Source-Eurekalert
RM
'"/>




Related medicine news :

1. What happens when Asthmatics consume Aspirin?
2. Asthmatics at increased risk of lung cancer
3. Asthmatics May Be At Risk for Lung Disease In The Future
4. Easing Fears Among Asthmatics
5. Biofeedback Found To Reduce Steroid Dependence In Asthmatics
6. Reducing Corticosteriod Use In Asthmatics
7. Vitamin C – Supplementation A Boon For Asthmatics
8. Asthmatics need to be on guard for Major Diseases
9. Asthmatics, it pays to quit smoking
10. New Zealand To Give More Choice Of Drugs To Asthmatics
11. Babies Prone To Allergies More likely To Be Asthmatic
Post Your Comments:
*Name:
*Comment:
*Email:


(Date:6/25/2016)... ... ... "With 30 hand-drawn hand gesture animations, FCPX users can easily customize each ... Film Studios. , ProHand Cartoon’s package transforms over 1,300 hand-drawn pictures into hand ... select a ProHand generator and drag it above media or text in the Final ...
(Date:6/25/2016)... ... June 25, 2016 , ... Conventional wisdom preaches the benefits ... terms of the latter, setting the bar too high can result in disappointment, perhaps ... slow progress toward their goal. , Research from PsychTests.com reveals that ...
(Date:6/24/2016)... ... June 24, 2016 , ... The Pulmonary Hypertension Association ... it will receive two significant new grants to support its work to advance ... 25th anniversary by recognizing patients, medical professionals and scientists for their work in ...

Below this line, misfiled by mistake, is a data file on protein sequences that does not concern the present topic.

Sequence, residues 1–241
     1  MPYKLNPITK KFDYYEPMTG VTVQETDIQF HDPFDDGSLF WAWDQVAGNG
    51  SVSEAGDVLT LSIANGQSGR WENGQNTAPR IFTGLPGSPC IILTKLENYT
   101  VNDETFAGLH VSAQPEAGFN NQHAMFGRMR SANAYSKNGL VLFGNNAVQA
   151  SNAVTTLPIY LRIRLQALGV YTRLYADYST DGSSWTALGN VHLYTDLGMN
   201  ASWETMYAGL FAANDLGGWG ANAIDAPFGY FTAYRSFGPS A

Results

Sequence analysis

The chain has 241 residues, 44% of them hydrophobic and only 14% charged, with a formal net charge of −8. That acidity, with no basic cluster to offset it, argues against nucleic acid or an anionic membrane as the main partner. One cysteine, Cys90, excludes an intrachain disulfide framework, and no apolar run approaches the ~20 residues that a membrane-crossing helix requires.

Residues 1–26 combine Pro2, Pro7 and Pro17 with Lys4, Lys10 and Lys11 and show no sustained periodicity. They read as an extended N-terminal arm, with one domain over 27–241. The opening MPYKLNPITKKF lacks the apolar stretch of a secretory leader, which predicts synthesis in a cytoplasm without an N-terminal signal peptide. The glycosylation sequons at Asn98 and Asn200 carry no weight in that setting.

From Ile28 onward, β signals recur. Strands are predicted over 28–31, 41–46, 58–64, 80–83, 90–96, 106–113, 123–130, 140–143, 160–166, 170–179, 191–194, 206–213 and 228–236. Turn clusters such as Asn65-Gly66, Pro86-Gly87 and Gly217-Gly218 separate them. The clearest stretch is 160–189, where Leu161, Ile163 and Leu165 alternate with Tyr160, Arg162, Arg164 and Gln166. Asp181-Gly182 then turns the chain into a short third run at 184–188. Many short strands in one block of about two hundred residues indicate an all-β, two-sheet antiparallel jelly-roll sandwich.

(Date:6/24/2016)... ... ... People across the U.S. are sharpening their pencils and honing their writing ... which patients and their families pay tribute to a genetic counselor by nominating him ... Genetic Counselors (NSGC) Annual Education Conference (AEC) this September. , In April, Genome ...
(Date:6/24/2016)... ... ... National recruitment firm Slone Partners is pleased to announce the ... as Vice President of North American Capital Sales at HTG Molecular . ... team in the commercialization of the HTG EdgeSeq system and associated reagents in North ...
Breaking Medicine News(10 mins):
(Date:6/23/2016)... and INDIANAPOLIS , June ... receiving a Lilly Diabetes Tomorrow,s Leaders Scholarship is any ... scholarship winners, announced today online at www.diabetesscholars.org ... type 1 diabetes stand in the way of academic ... supported the Foundation,s scholarship program since 2012, and continues ...
(Date:6/23/2016)... , June 23, 2016 Revolutionary ... Oticon , industry leaders in advanced audiology ... of Oticon Opn ™, the world,s first internet ... possibilities for IoT devices.      (Photo: ... introduces a number of ,world firsts,: , ...
(Date:6/23/2016)... , June 23, 2016 The vast majority ... outpatient dialysis facility.  Treatments are usually 3 times a ... per visit, including travel time, equipment preparation and wait ... but especially grueling for patients who are elderly and ... skilled nursing and rehabilitation centers for some duration of ...
Breaking Medicine Technology: